Home Health Care Company Owner Indicted For Tax & Health Care Fraud, Money Laundering
COLUMBUS – A federal grand jury has charged JoAnna Ochieng, 66, of Columbus, Ohio, with tax fraud, health care fraud and money laundering in an indictment returned in Columbus.
Carter M. Stewart, United States Attorney for the Southern District of Ohio, Lamont Pugh, Special Agent in Charge, Department of Health and Human Services Office of Inspector General, Ohio Attorney General Mike DeWine and Kathy Enstrom, Special Agent in Charge, Internal Revenue Service Criminal Investigation (IRS), announced the indictment which was unsealed today.
Ochieng was charged with five counts of filing false partnership income tax returns, one count of conspiracy to commit health care fraud, one count of health care fraud scheme, 20 counts of health care false statements and three counts of money laundering.
According to the indictment, from November 2011 until March 2013, Ochieng allegedly defrauded Ohio Medicaid in excess of $400,000. The defendant allegedly instructed parents whose children were receiving home health care services to “swap” time sheets with other parents who were providing home health care services to their own children. This would give the false appearance that parents were providing home health services to children other than their own. Ochieng would then allegedly instruct individuals to bill for care, knowing that it was illegal to bill for care that parents provided to their own minor children.
Furthermore, Ochieng allegedly directed these individuals to inflate the hours of care permitted and encourage doctors to sign off on these inflated hours without making a determination of medical necessity. It is also alleged that she falsely billed for split nursing visits.
In addition, Ochieng allegedly defrauded the Ohio Medicaid Program relative to the delivery of and the payment for health care benefits.
The 30-count indictment alleges that Ochieng, who owned and operated Healthy Solutions Home Health Services LLC, under-reported her earnings. The defendant allegedly filed a false partnership income tax return and under-reported the gross receipts for her health services company for 2006 by $536,838; for 2007 by $493,978; for 2008 by $20,920; for 2009 by $185,693 and for 2010 by $287,228.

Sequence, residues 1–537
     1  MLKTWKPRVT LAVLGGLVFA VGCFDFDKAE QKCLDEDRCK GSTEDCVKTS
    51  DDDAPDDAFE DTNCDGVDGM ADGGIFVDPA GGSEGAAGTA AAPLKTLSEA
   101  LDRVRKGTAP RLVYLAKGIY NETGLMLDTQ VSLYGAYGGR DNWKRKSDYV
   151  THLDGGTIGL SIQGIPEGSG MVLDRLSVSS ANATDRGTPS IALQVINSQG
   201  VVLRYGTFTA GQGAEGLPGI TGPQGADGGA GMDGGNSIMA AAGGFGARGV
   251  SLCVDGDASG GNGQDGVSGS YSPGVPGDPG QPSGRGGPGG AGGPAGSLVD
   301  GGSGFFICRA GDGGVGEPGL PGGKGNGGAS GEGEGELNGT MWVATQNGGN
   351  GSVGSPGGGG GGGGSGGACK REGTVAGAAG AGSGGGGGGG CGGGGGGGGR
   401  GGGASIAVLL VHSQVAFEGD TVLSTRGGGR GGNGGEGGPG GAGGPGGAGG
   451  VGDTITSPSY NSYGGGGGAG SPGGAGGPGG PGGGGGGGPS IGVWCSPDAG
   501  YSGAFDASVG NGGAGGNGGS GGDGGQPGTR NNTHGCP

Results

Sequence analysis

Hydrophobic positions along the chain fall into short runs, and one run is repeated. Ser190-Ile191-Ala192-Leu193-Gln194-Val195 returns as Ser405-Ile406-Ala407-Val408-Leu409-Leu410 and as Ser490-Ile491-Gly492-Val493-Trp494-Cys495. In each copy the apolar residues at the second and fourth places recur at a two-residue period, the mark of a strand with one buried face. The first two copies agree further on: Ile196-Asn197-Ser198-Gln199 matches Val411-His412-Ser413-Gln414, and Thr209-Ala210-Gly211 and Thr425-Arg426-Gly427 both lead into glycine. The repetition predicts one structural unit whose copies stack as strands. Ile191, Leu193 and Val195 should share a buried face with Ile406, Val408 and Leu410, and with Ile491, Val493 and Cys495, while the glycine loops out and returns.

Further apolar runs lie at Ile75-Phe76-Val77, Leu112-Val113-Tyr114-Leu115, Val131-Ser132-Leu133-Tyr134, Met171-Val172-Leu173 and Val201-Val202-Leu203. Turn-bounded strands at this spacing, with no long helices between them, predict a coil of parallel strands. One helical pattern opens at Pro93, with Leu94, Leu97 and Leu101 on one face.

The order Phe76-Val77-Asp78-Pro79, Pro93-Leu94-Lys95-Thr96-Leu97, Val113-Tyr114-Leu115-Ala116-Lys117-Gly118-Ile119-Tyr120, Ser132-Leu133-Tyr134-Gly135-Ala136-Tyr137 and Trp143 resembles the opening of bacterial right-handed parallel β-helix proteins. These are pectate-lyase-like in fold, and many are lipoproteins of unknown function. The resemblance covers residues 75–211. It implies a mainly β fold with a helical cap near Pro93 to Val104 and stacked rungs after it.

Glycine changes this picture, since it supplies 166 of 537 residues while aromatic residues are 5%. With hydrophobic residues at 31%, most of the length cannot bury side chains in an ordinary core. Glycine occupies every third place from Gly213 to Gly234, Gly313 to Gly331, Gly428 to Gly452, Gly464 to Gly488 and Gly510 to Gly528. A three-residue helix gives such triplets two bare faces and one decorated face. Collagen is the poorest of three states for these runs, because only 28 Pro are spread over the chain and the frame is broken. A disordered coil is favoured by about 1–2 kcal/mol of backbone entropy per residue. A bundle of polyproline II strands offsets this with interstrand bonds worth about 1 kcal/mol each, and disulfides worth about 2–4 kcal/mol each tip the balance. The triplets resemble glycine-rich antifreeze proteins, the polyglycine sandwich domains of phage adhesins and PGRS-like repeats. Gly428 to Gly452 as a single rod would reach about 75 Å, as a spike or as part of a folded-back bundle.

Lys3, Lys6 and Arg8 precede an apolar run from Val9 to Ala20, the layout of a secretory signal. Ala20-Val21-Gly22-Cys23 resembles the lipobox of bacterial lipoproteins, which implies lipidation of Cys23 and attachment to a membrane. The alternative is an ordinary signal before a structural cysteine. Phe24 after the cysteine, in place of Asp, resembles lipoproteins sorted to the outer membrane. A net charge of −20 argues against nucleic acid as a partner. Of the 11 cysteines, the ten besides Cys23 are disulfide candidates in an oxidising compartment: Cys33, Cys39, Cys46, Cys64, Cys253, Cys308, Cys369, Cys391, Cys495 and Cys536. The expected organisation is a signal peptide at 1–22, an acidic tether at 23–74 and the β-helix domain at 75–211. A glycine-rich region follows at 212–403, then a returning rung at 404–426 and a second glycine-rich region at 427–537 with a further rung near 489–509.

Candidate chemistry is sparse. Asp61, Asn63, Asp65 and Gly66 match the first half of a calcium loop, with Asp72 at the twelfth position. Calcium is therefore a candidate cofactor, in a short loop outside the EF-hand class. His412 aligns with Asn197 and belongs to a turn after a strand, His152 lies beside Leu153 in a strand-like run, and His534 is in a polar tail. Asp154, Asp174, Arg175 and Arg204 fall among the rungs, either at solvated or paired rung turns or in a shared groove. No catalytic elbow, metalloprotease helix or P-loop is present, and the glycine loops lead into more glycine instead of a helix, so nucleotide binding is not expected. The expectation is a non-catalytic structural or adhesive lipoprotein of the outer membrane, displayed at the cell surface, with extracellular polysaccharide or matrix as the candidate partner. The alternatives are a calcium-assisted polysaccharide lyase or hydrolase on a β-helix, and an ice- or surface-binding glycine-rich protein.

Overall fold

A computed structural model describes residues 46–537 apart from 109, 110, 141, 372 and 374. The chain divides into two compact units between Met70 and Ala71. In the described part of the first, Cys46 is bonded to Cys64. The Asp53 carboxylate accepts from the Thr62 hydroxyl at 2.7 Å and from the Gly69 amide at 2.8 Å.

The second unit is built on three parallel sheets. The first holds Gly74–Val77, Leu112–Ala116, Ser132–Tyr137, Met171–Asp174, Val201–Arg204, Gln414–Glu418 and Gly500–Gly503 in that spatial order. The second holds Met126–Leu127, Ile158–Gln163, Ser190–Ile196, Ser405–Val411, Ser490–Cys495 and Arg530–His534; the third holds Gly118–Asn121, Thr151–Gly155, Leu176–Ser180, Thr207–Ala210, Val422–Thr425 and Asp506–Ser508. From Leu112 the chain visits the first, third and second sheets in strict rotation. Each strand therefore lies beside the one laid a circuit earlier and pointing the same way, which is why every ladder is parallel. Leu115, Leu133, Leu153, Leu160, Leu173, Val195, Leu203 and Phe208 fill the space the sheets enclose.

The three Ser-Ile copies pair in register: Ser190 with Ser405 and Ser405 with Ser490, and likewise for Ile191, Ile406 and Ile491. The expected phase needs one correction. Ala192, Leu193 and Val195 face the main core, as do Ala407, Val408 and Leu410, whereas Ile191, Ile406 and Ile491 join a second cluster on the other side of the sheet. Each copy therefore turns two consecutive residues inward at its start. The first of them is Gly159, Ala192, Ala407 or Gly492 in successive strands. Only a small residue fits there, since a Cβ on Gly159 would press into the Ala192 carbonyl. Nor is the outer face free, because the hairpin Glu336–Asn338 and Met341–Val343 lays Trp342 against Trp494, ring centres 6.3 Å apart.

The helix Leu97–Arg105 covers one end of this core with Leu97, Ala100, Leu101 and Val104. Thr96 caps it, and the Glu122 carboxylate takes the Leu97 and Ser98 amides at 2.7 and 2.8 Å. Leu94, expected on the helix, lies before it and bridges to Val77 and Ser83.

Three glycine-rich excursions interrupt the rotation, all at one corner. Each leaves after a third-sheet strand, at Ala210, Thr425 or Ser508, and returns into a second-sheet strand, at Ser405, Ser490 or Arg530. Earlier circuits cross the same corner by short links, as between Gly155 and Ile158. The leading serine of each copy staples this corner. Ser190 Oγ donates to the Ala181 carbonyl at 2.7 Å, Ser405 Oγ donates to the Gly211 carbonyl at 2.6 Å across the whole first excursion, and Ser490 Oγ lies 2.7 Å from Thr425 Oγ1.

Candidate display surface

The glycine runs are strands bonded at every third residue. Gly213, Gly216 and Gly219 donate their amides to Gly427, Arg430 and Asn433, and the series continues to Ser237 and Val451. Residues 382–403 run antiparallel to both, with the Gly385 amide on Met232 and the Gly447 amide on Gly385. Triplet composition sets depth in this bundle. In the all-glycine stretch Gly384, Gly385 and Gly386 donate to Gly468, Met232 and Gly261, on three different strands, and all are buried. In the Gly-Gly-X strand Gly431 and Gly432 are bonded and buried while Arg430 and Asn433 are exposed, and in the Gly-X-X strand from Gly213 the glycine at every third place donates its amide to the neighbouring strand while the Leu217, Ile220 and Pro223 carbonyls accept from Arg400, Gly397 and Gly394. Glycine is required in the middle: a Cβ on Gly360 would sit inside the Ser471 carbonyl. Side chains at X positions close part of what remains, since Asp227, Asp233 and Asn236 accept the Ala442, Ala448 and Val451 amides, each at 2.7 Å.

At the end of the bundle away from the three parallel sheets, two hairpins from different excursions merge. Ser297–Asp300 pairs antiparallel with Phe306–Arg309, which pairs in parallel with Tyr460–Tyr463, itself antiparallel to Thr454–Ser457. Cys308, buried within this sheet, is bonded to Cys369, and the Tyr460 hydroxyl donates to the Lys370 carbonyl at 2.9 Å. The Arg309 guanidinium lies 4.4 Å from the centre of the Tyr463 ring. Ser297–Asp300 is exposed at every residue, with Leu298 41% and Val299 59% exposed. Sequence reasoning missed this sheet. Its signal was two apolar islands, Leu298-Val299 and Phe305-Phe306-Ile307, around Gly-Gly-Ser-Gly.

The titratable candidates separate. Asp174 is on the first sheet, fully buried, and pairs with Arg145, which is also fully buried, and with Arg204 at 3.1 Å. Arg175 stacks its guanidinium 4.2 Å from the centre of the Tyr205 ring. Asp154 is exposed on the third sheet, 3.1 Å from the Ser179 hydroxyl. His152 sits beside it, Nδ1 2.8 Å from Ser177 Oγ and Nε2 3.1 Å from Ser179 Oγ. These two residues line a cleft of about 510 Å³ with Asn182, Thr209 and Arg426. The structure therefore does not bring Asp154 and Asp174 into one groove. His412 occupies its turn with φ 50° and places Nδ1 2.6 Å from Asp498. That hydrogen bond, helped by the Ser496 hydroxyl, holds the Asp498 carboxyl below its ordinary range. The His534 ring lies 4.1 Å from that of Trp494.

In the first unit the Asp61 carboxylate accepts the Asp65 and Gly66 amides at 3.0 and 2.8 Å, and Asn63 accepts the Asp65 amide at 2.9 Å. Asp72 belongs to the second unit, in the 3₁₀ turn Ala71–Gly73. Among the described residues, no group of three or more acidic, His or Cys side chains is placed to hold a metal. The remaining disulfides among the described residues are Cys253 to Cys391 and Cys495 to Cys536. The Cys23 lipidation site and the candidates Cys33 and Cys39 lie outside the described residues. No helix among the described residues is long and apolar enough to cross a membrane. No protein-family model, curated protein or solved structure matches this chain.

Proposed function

Healthy Solutions Home Health Services LLC operated at locations in Columbus, Bexley, Washington Courthouse and Hillsboro, Ohio.
It has been alleged that Ochieng transferred approximately $1 million from the U.S. to Turk and Caicos. The indictment contains two forfeiture allegations relative to funds on deposit at the financial institution in Turks and Caicos, as well as the gross proceeds traceable to these offenses in an amount of money equal to $436,305.69.
Conspiracy to commit health care fraud is a crime punishable by up to 10 years in prison. Filing a false partnership return is a crime punishable by up to three years imprisonment. Health care fraud scheme carries a maximum penalty of 10 years imprisonment. Making health care false statements is a crime punishable by up to five years in prison. Ochieng is charged with two money laundering counts carrying a maximum penalty of 20 years in prison and one money laundering count carrying a maximum penalty of 10 years in prison.
Ochieng was arrested today by agents of IRS Criminal Investigation and Health and Human Services, Office of Inspector General.
“The Medicaid Fraud Control Unit within my office is dedicated to working with federal authorities to investigate and prosecute those who manipulate the health care system to collect money that they are not entitled to,” said Attorney General DeWine. “Those who believe that they can outsmart the investigators trained to identify this type of fraud should think again.”
“Money gained through illegal sources, such as healthcare fraud, is part of the untaxed, underground economy,” said Kathy A. Enstrom, Special Agent in Charge, IRS Criminal Investigation, Cincinnati Field Office. “To combat healthcare fraud, CI provides financial investigative expertise to multi-agency task forces where we follow the money trail from the crime to the culprit.”
U.S. Attorney Stewart commended the cooperative law enforcement investigation, as well as Assistant U.S. Attorneys Ken Affeldt and Dan Brown and Maritsa Flaherty with the Ohio Attorney General’s Office, who are prosecuting the case.
An indictment merely contains allegations, and the defendant is presumed innocent unless proven guilty in a court of law.